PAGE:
A doctor may recommend that a person takes over-the-counter (OTC) or prescription medications for irritable bowel syndrome (IBS). This can include laxatives, antidiarrheals, antibiotics, and more.
IBS is a condition that affects a person’s large intestine, also known as the colon. Some people with IBS have mild symptoms that they can manage with dietary changes and OTC medication. Other people with more severe IBS may need prescription medication to help manage their symptoms.
Many medications have side effects, limitations, and warnings. Before taking any medication, people should seek professional medical advice.
This article outlines which OTC and prescription medications people can take to help with their IBS. It also discusses if diet can help relieve IBS symptoms and answers some frequently asked questions.
Bismuth subsalicylate is also an antidiarrheal that
Pepto-Bismol is a common brand name for medication containing bismuth subsalicylate.
It works by making gas bubbles pass more easily through a person’s digestive system. It can help to alleviate discomfort from excess gas.
Laxatives help people with IBS empty their bowels if they have constipation. Stimulant laxatives such as bisacodyl and senna help a person’s bowel move and also soften their stools.
Other nonprescription laxatives for IBS include osmotic laxatives and stool softeners.
Osmotic laxatives work by retaining water in a person’s stool so they are easier to pass. Stool softeners allow more water into a person’s stool.
A doctor may recommend prescription medications to help a person manage IBS symptoms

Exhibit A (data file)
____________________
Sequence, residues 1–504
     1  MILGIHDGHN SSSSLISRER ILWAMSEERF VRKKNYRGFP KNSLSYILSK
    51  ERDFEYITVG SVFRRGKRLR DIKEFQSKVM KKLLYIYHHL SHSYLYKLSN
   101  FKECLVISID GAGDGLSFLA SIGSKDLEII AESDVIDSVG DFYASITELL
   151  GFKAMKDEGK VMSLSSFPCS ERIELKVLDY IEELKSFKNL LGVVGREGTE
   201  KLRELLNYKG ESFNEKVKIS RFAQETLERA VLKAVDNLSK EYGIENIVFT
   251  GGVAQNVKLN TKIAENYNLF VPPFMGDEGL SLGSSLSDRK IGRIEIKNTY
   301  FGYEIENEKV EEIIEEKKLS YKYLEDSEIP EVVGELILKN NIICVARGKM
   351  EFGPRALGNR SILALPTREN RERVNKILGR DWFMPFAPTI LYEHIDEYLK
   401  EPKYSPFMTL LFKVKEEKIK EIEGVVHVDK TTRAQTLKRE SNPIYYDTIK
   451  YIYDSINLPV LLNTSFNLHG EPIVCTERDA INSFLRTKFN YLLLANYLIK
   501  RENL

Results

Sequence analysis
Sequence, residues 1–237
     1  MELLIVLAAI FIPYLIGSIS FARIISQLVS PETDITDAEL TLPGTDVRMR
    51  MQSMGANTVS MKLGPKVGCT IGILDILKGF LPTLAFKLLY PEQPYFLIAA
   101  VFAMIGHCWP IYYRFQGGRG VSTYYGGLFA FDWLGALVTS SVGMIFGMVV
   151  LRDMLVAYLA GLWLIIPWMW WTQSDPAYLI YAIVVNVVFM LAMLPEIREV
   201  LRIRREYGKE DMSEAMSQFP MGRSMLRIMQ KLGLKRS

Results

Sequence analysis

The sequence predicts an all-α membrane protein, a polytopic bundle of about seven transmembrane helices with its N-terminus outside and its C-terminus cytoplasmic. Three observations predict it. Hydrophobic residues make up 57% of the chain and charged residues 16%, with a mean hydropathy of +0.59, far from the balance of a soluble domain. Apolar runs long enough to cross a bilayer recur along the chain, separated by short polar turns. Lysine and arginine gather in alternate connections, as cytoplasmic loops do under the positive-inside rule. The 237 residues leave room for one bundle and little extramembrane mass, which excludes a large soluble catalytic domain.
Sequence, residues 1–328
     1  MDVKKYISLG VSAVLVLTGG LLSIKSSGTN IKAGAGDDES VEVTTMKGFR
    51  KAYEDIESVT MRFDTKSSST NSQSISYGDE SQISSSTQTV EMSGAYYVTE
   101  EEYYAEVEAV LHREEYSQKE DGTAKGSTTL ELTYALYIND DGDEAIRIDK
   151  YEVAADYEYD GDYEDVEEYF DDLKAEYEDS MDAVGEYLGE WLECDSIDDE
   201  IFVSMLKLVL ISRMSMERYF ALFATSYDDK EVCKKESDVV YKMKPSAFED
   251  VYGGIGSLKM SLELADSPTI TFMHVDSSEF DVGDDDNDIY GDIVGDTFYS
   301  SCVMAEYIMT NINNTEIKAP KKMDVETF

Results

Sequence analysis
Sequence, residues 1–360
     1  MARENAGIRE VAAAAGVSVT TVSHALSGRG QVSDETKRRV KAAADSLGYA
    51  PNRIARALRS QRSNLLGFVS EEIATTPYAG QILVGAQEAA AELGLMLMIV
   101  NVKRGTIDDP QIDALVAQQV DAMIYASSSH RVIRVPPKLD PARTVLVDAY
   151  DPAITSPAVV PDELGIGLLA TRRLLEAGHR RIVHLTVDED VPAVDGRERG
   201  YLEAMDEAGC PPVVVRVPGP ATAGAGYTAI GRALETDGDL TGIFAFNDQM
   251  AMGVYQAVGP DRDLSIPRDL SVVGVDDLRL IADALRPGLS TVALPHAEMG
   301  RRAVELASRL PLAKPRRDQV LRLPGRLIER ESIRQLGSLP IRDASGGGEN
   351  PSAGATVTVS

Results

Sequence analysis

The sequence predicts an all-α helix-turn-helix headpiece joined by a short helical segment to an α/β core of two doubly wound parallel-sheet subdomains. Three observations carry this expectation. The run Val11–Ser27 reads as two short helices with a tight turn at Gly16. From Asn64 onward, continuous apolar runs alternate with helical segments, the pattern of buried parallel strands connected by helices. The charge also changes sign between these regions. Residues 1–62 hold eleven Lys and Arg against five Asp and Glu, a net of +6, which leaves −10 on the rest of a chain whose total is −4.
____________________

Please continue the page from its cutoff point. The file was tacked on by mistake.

The medication works by increasing the amount of fluid that flows into a person’s bowel. This allows their stools to pass more easily.
Rifaximin (Xifaxan) is an antibiotic that
Eluxadoline is a mu-opioid receptor agonist medication. It
Some dietary changes may help relieve symptoms of IBS. Doctors may recommend:
- consuming foods high in fiber, such as:
- whole grains
- avoiding larger meals, instead eating
4–5 smaller mealsper day
- keeping a food diary to identify any trigger foods, and avoiding those foods
- following a
low FODMAP diet, which is a diet low in certain kinds of hard-to-digest carbohydrates
People can also help IBS symptoms by avoiding or limiting their intake of foods such as:
- milk products, such as cheese or ice cream
- coffee and other caffeinated beverages
- carbonated drinks
- drinks that contain artificial sweeteners or high-fructose corn syrup
- some fruits and vegetables
A doctor may refer a person to a dietitian to help them create a suitable eating plan and ensure that they get enough essential nutrients.
Here are some frequently asked questions about IBS.
What helps IBS symptoms fast?
Medications may help relieve some different IBS symptoms fast. For diarrhea, medication such as loperamide may provide people with immediate short-term relief
How can I cure my IBS naturally?
- getting enough physical activity or exercise
- reducing stress
- getting enough quality sleep
What pain relief can you take for IBS?
Pain relief medication that may help a person’s IBS cramps or abdominal pain
Some antidepressants may also relieve a person’s IBS pain. A doctor can advise on which OTC or prescription medications they recommend for relief from IBS pain.
Various OTC and prescription medications may help a person to manage the symptoms of IBS. These include antidiarrheal medications for diarrhea in people with IBS-D and laxatives for constipation in people with IBS-C.
Other methods to improve IBS symptoms include dietary changes, stress reduction methods, and getting enough physical activity.
It is best for a person to contact a doctor or pharmacist before beginning any new medication treatment. They can advise on suitable treatment options and what taking the OTC or prescription medication involves.